Configuring Your GitLab Repository

Configuring Your GitLab Repository

Upon receiving a Liferay Cloud onboarding email, you’re provisioned a GitHub repository hosted in the dxpcloud organization. This repository is a template for a team’s separate private Liferay Cloud development repository and is typically removed after 10 business days. Users must:

  1. Transfer the provisioned repository to their own private repository.
  2. Integrate their private repository with the Jenkins (CI) service in Liferay Cloud using a Webhook.

The provisioned repository will be on GitHub, but you can transfer it to a GitLab repository as of version 3.2.0 of the Jenkins service. This must be done with administrative access to the GitLab repository.


The repository’s administrators are not necessarily the same as your project’s administrators in the Cloud console.

Preparing the Jenkins Service

If you’ve customized your Jenkinsfile, follow this guide to extend the default Jenkinsfile.

Creating a GitLab Repository

First, create a new GitLab repository:

  1. Go to GitLab.

  2. Click New project.

    Click New project to begin creating a new GitLab repository.

  3. Provide a project slug (the repository name in the url).

    Fill in the details for your new repository.

  4. Configure the visibility level to private (free users have unlimited private repositories).

  5. Ensure Initialize repository with a README is unchecked.

  6. Click Create project.

Transferring from GitHub to GitLab

Follow these steps to transfer the provisioned GitHub repository to your own GitLab repository:

  1. Clone the provisioned GitHub repository locally:

    git clone


    If you have already cloned the repository for work with another provider, then you can skip this step and work within the same clone.

  2. Add a new Git remote and point to GitLab:

    git remote add gitlab

  3. Push the cloned repository to the new remote repository:

    git push gitlab master

If you need help creating, cloning, and pushing repositories, see GitLab’s documentation.

Generating Access Tokens for GitLab

Next, create an access token that will be used by the Webhook to trigger Jenkins builds:

  1. Navigate to the personal access tokens page.

    Create a personal access token for GitLab, which cannot be accessed again later.

  2. Provide a name and an expiration date for this access token.

  3. Configure the access token to have the following permissions:

    • api
    • read_repository
    • write_repository
  4. Click Create personal access token.

  5. Copy your access token and save it somewhere (you won’t see it again otherwise).

Connecting GitLab to Your Jenkins service

Lastly, set environment variables in the Jenkins service’s to point to your new repository:

  1. Log in to the Liferay Cloud Console and navigate to your Jenkins service in the infra environment.

  2. Navigate to the Environment Variables tab.

  3. Configure the following environment variables:

Name Value
LCP_CI_SCM_TOKEN [access_token]

After updating these environment variables, the Jenkins service restarts. Any pushed branches and pull requests in your new repository trigger builds.

Connecting to a Private GitLab Server

To use a private GitLab server, you must set an additional environment variable in your Jenkins service:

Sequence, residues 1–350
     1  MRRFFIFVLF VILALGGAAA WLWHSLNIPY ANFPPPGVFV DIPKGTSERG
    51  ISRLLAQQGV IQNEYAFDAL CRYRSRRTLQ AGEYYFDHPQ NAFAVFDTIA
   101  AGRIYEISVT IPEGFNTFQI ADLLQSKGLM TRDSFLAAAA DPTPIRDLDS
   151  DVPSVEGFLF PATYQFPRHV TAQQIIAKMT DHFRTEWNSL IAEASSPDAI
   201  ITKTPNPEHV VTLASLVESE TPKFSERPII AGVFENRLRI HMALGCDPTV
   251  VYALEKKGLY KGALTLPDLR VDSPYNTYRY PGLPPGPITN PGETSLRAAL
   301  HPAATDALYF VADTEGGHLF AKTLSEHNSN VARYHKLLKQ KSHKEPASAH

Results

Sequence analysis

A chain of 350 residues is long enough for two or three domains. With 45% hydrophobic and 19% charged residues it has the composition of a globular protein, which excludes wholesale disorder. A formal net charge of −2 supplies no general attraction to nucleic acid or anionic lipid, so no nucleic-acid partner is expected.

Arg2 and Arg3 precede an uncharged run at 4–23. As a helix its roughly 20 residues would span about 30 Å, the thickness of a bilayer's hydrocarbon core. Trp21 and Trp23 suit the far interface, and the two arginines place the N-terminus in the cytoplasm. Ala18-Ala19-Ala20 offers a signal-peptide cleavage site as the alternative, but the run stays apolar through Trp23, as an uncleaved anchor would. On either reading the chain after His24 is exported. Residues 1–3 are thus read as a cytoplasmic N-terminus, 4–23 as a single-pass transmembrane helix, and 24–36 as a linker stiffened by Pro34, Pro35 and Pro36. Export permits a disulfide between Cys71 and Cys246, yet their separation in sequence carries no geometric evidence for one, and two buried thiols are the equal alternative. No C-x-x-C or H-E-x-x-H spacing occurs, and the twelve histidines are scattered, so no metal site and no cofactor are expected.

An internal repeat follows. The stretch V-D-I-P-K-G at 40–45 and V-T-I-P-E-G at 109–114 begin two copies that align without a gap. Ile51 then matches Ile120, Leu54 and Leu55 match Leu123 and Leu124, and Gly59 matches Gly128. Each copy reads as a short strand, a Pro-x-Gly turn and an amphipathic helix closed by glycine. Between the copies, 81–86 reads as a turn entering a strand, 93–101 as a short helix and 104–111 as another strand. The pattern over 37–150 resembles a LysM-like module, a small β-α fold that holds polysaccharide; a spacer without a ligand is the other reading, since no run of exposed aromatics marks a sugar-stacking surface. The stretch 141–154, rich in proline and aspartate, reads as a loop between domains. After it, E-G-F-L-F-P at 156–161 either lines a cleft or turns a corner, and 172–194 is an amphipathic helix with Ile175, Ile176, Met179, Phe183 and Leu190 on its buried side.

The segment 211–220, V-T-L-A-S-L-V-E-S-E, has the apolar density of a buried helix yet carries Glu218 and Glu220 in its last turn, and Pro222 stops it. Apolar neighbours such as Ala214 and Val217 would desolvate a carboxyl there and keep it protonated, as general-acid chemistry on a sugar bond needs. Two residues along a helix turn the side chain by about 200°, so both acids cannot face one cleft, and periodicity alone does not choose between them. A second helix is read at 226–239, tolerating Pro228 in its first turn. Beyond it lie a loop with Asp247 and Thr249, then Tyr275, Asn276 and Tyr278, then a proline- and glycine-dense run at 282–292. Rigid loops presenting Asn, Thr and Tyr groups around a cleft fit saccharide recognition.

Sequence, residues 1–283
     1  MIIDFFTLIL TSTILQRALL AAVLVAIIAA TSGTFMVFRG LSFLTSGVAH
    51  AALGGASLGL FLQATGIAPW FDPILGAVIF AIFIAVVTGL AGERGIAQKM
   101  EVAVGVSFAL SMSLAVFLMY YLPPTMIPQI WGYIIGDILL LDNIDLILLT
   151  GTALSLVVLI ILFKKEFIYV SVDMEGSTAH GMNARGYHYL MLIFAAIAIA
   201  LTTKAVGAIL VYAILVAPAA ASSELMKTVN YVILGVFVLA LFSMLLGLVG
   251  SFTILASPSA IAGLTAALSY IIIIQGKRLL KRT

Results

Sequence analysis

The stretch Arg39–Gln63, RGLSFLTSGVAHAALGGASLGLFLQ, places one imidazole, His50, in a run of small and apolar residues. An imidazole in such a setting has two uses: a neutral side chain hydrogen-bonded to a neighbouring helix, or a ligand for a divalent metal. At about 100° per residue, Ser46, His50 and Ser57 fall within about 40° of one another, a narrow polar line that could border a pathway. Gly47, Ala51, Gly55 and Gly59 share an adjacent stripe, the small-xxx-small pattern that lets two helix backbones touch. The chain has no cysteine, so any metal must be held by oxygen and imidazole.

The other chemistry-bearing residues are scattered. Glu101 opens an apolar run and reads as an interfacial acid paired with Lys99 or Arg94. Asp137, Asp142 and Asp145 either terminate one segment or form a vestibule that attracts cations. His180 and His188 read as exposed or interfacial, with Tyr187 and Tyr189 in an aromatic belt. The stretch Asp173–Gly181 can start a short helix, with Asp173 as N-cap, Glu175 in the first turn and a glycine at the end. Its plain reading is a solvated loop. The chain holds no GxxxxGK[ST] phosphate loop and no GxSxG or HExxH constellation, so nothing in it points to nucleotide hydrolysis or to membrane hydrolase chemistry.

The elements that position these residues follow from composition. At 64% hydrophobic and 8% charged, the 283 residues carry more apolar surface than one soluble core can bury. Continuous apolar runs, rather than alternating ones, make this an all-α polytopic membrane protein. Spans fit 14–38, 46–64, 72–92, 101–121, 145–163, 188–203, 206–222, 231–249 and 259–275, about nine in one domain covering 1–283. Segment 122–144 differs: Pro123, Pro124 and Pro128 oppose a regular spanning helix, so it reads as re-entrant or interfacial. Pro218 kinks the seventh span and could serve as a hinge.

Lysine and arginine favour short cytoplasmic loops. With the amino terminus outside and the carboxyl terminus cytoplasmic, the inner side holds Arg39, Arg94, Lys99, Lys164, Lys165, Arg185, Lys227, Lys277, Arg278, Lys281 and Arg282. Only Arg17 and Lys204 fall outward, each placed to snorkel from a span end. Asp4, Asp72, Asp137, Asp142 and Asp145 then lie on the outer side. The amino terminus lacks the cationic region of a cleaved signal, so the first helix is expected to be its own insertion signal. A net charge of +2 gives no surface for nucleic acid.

Name Value

Set the LCP_CI_SCM_SERVER_HOST variable to the base URL of your private GitLab server (for example, This sets the server URL that CI uses to retrieve your code base when generating builds and linking to your repository’s branches. By default, CI uses as the base URL for GitLab.

Additional GitLab Webhook Configurations

Liferay Cloud’s Jenkins service creates a webhook for your selected git SCM provider; however, it only creates the default one. GitLab’s default webhook requires additional configuration to match the functionality of GitHub and BitBucket’s webhooks.

  1. Navigate to your GitLab repository.

  2. Navigate to Settings and select Webhooks.

  3. Under Project Hooks, verify the created webhook is listed.

  4. Click the Edit button for the CI webhook.

    Edit the webhook that has been automatically created for your repository.

  5. Uncheck Tags push events and Comments.

  6. Check Enable SSL verification.

  7. Click Save changes.

Verifying Builds

Pushed branches and merge requests (GitLab’s equivalent of pull requests) trigger builds that you can see or deploy from the Builds tab in the Liferay Cloud Console. After setting up integration with the Jenkins service, a good next step is to verify these builds, to ensure that the integration was successful.

Verifying Builds from Pushed Branches

Verify that new Git pushes trigger Jenkins builds:

  1. Make a change to the repository (like adding a file), then commit it to the branch:

    git commit -m "Add file to test builds"
  2. Push the branch up to GitLab:

    git push gitlab branch-name
  3. Navigate to the Builds page in the Liferay Cloud Console.

  4. Verify that the build displays for the pushed branch on the Builds page.

Verifying Builds from Merge Requests

Verify that new merge requests trigger Jenkins builds:

  1. Create a merge request from any branch to the develop branch.

  2. Verify that a new build is created for the merge request.

  3. Navigate to the Builds page in the Liferay Cloud Console.

  4. Click the links for the branch and commit in the appropriate build.

    Check the links for the branch and commit for your build, on the Builds page.

  5. Verify that the links redirect to the correct GitLab pages.